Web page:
You have printed or saved this information from www.HorizonNB.ca, the website for the Horizon Health Network

Facebook Icon LinkedIn Icon Twitter Icon Icon Icon
Print this page

Growing our Community: Youth-led initiative empowers people to garden

As a summer student with Horizon Health Network (Horizon), Kandis Neil-Sampson spent the summer of 2020 making connections, applying for grants to initiate programs, and at the end of the day, truly living Horizon's vision of helping people be healthy!

Kandis, who's originally from Stanley, said through this internship, she's learned so much about the Tantramar Area and the different social organizations that are trying to better the community.

"I learned about this community and how strong it is and how people came together to enact positive change when facing tough times during lockdown and the recovery from lock down," she said. "Sackville thrives from the university students and COVID-19 really hurt the economy, but people really came together."

Kate Doyle, community developer for the Moncton Area, said Kandis began working with her in June as a support to the Tantramar Community Food Smart program. Kate quickly learned there would be more opportunities for her, especially in areas where food security issues were popping up as a result of COVID-19.

"As she connected with some of the working groups as part of the Tantramar COVID-19 Task Force, opportunities like the home garden project popped up," said Kate. "Kandis and her peers immediately jumped into action. It was great having her support my work but in reality, the leadership and innovation she and her peers showed in all their other projects was a highlight of the summer for me!"

Growing our Community

One of the projects Kandis facilitated throughout the summer was Growing our Community, which saw 10 families receive garden packs so they could grow their own vegetables in containers.

Included in each garden pack was a reusable bag that held tools, soil, fertilizer, and containers and pots for each family to grow their vegetables.

"I also made little how-to guides for each of the families, to help them care for their vegetables," Kandis said.

Families receiving food boxes through Port Elgin Regional School (story here) were asked if they were interested in receiving a garden pack, and 10 said yes.

Kandis said the idea came about during a packing day for Tantramar Community Food Smart in July. Kate said MacArthur's Nurseries was looking to donate some vegetable plants to a good cause.

Jessica Hughes, from Sackville 2020, was volunteering that day as well, and mentioned that she and Hannah Crouse (the summer student at Horizon's Port Elgin and Region Health Services Centre) had been interested in finding a way to bring gardening to low income families.

"I got really excited by the concept and for the rest of the packing, Jessica and I brainstormed and came up with how we could make it a reality," Kandis said.

Kandis got to work on grant applications and they received two to support the project: one from Rising Youth for $1,500, and one from Community Food Action in the amount of $900.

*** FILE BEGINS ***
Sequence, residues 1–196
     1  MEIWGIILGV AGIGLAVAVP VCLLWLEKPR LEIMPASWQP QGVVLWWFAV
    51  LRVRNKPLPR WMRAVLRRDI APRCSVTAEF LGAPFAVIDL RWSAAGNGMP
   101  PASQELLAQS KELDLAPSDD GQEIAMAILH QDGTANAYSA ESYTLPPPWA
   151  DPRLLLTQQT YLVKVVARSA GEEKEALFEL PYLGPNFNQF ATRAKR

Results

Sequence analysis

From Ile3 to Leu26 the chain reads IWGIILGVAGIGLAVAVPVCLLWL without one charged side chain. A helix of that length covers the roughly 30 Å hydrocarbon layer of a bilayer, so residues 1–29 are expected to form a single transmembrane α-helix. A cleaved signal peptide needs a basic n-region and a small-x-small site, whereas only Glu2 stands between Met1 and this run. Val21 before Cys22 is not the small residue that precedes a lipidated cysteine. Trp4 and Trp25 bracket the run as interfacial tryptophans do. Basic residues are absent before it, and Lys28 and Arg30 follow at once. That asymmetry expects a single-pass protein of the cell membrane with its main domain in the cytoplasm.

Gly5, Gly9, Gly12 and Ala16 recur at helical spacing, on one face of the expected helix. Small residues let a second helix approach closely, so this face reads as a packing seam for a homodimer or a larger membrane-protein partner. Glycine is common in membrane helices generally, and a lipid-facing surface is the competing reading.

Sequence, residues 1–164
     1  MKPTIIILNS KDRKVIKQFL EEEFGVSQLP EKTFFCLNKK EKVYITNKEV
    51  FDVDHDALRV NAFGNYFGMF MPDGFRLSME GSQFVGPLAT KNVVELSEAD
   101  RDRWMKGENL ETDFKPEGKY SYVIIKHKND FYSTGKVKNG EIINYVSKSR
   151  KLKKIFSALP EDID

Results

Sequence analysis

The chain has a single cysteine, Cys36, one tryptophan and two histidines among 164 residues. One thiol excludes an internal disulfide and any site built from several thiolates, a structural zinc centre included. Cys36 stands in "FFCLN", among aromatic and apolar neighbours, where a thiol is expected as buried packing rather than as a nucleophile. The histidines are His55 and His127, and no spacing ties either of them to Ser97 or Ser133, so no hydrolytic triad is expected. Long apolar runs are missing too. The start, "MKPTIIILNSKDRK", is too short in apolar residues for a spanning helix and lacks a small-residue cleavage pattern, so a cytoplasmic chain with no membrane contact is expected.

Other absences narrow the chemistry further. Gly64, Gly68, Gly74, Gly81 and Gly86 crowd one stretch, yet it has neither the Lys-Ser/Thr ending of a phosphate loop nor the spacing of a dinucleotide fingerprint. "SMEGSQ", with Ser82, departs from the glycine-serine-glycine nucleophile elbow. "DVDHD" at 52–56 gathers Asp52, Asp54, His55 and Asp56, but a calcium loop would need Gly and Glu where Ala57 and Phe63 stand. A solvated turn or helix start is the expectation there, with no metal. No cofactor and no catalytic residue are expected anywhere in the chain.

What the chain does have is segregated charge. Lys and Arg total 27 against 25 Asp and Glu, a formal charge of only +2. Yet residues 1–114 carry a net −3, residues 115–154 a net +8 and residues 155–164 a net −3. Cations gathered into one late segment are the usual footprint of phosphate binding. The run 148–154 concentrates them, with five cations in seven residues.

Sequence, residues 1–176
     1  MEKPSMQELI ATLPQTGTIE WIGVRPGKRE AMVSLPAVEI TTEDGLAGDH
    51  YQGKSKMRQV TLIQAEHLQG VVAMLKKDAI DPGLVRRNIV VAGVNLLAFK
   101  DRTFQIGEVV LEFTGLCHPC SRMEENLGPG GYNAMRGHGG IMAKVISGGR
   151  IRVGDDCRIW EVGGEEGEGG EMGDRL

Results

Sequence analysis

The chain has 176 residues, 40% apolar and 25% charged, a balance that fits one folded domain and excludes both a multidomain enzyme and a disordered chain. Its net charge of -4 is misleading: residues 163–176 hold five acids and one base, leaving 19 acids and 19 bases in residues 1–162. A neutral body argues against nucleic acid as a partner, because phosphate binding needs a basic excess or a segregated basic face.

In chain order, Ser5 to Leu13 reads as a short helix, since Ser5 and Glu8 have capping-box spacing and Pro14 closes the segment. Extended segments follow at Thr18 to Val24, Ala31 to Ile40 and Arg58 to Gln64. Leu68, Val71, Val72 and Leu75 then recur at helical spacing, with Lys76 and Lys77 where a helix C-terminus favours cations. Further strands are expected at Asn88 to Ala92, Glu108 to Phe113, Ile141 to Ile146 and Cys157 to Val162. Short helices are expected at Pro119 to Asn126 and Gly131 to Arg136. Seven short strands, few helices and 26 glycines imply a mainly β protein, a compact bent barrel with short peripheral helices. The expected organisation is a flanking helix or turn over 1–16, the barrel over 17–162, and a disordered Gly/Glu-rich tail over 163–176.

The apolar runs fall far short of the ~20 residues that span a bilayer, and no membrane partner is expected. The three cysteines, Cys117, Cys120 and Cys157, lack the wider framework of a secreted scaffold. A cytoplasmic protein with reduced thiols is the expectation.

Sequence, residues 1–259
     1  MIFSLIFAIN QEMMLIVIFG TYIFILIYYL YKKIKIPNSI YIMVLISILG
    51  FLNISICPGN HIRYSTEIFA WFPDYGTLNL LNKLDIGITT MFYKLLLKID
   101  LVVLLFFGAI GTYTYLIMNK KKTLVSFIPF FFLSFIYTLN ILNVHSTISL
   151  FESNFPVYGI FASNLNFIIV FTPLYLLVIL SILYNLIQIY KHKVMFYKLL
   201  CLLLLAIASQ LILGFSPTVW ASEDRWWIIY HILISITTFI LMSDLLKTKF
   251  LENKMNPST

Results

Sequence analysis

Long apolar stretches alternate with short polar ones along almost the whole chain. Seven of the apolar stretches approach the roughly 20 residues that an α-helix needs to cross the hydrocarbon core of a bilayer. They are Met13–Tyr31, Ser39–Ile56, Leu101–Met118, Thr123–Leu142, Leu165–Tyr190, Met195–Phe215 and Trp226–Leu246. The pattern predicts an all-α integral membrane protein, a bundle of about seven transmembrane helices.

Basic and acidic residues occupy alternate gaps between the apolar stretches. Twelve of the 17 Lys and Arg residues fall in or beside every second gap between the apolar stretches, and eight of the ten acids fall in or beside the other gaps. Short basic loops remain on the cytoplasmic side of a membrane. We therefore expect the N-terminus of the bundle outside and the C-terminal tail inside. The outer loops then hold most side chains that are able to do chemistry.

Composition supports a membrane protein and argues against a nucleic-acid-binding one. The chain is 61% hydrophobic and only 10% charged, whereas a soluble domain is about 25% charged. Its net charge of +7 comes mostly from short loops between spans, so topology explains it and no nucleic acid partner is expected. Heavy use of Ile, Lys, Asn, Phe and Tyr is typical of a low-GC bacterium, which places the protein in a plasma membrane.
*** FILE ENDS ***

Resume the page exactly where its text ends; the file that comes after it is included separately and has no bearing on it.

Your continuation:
With the grant money, they were able to get everything they needed to bring the garden packs to life.

"First, we needed a way to transport a ton of plants, I think we ended up with around 70 plants in total. We rented a 15-foot U-Haul to transport them back to Sackville," Kandis said.

The donated plants included an assortment of tomatoes, peppers, beans, lettuce and greens.

"We picked up tools such as shovels, rakes, gloves, watering cans, and tomato cages. As well as soil, fertilizer, and a ton of pots," Kandis said.

Next, she recruited some students from Tantramar Regional High School to put the packs together.

"They were all amazing and hard working," Kandis said. "I also recruited some really great volunteers from the Youth and Action group to help deliver the plants. I really can't thank all of them enough."

These garden packs not only help fight food insecurity, but they give individuals a sense of purpose, and a more reliable and sustainable food source during the gardening season. Children are able to wake up every morning and take care of their plants, pick fresh vegetables, and enjoy them with their families.

"We wanted to incorporate a more sustainable means of having fresh food, and this does just that," Kandis said.

Before this summer, Kandis said she was unaware of the food security issues in the Tantramar Area or how involved Horizon's Port Elgin and Region Health Services Centre was in local community groups.

"I did not know how much one person can impact positive change when given the resources," she said. "Horizon, and especially Kate Doyle, have shown me how to access resources to be able to create programs like Growing our Community, which can genuinely give a positive change to our community."

Kandis Neil-Sampson is originally from Stanley, N.B., and in the fall of 2020 will enter her fourth year at Mount Allison University. A former resident of Campbell Hall (North Side pride!), she will graduate with a major in cognitive science and a minor in psychology.

While in high school, Kandis worked and volunteered in nursing homes, homes and spent a lot of time with dementia and Alzheimer's patients. Because of this, she's interested in neurological disorders and illnesses, and plans on furthering her education and specializing in neuropsychology and gerontology.

Throughout the COVID-19 pandemic, she has participated in various committees with the Tantramar COVID-19 Task Force, including the Food Security Action Group, Youth and Student Action Group, and various subcommittees including volunteering with environmental sustainability, and youth-spaces.

Text Size:

Helpful Links